20 years have passed…
When the World Trade Center opened in 1973, the Twin Towers were the tallest set of buildings in the world. They were a dominant and recognizable attribute to the Manhattan skyline; it simply wasn’t New York without them. I remember going Downtown as a little girl and being near the towers. Standing below and looking up, it seemed the upper floors and tops of the towers disappeared into the clouds! Not only were they the bustling apex of financial business in the Empire State, but they were also an iconic landmark for the world, and especially for New Yorkers.
I watched the limited series “9/11: One Day in America” on Hulu in small doses over the last few days. Small doses because the evil that occurred on 9/11/2001 is so very heartbreaking for many reasons. It’s astonishing that this horrible event unfolded in a span of only 90 minutes under one of the starkest and clearest blue skies I have ever seen. This series is one to watch; it reminds you that there is a tapestry of stories that underlie that fateful day. We are reminded once again of the heroism of firefighters, police officers, civilians, and first responders. And that so many suffered from survivor’s remorse, PTSD, and other psychological reverberations. Let’s not even mention the physical effects of being in the presence of so much smoke and debris from the collapsed buildings that led to illness, disease, and death. Some survived that day only to die years later, almost like some terrible afterthought of the day.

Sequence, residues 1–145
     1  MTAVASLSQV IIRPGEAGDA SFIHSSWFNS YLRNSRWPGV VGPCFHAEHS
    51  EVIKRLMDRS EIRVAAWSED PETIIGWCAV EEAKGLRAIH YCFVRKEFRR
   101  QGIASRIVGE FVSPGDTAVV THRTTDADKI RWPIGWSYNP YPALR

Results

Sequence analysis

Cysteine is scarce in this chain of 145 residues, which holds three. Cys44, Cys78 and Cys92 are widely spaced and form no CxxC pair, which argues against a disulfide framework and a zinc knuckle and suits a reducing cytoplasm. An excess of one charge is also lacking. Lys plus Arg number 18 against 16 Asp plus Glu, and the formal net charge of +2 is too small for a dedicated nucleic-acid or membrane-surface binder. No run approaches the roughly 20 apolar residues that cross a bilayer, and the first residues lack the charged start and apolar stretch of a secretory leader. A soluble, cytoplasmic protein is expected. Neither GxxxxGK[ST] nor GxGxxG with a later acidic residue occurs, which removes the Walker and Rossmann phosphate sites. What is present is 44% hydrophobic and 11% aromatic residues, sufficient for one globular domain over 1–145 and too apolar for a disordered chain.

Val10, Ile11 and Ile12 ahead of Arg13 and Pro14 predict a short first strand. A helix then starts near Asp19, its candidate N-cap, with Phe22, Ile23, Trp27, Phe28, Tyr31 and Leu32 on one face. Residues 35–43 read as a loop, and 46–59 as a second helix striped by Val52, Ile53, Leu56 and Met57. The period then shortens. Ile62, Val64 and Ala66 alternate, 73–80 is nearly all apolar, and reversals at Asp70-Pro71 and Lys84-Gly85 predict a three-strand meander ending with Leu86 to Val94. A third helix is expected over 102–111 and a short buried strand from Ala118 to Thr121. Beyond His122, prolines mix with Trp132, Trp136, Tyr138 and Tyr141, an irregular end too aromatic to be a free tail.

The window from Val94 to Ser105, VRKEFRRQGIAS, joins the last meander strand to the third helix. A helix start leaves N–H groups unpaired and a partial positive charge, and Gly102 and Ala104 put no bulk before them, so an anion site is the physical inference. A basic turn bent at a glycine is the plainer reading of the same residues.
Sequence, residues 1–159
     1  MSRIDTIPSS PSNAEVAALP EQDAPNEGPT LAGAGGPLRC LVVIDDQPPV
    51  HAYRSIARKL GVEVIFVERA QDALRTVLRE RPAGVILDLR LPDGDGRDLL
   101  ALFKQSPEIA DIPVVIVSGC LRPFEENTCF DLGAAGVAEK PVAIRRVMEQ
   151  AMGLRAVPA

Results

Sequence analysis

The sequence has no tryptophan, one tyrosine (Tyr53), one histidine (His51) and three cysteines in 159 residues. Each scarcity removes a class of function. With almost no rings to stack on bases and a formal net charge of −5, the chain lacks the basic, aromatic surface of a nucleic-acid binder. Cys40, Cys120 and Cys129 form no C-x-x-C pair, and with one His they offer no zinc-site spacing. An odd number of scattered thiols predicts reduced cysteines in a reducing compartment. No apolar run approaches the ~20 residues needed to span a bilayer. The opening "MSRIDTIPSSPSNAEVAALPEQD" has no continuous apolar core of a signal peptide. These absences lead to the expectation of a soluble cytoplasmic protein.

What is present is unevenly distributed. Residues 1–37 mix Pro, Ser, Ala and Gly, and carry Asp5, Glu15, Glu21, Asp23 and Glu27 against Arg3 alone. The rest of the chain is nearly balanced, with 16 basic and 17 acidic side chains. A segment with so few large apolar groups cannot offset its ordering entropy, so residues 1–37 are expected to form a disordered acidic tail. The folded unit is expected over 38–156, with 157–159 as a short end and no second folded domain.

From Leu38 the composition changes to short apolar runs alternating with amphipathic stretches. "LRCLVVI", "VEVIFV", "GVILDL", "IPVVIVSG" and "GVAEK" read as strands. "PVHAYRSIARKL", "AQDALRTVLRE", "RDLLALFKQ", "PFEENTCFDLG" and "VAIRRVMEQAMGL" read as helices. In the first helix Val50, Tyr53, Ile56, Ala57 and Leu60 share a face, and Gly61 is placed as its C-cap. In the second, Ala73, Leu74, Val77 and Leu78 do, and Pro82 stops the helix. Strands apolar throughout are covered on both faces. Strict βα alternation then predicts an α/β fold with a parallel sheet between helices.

To have grown up in New York and to be familiar with the love the city had for the Twin Towers; to watch them fall again brought tears to my eyes. It seems so silly – to become emotional about the demise of buildings – after all, they’re only structures of steel beams and concrete. Generations from now, the love for the Twin Towers, the dreadful events of the day, and the underlying evil, won’t dredge up the same emotion that it does for those who experienced it firsthand or watched everything unfold on 24-hour news that day. Or understand and know that for America, this watershed event created a dividing line – a “before 9/11” and an “after 9/11”.
Those who did experience it have vivid memories of where they were and what they were doing that day. I was nearly three months pregnant with my son. I still recall the shock and disbelief at what my eyes were seeing. I also remember the feeling of trepidation and fear about this mixed-up, messed-up world I was bringing a child into.
Those who are now in their late teens or early 20’s are the offspring of those like me who were pregnant or of those who had very young children on 9/11/2001. They are also the same young people who were in their final high school years or graduating when the Covid-19 pandemic hit. Born into post-9/11 times and “coming of age” in pandemic times … two eras of America that demand resilience and strength to negotiate. They have no firsthand knowledge of the more “innocent” times, the times before the Department of Homeland Security was established and when you didn’t have to take your shoes off for inspection before you boarded a plane. Theirs is a different world to navigate. I hope that enduring these times somehow gives them the birthright to be the generation that brings about the most change and evolution. There must be a reason for these events occurring in some of the most important years of their lives.
20 years have passed… and part of me wishes I could skip over 9/11/2021, to turn away and shield myself from reliving the pain again. But the reality is, we must never forget…because we have a responsibility to continue memorializing the fallen, the heroes, and the survivors, and to tell the story, no matter how painful it is.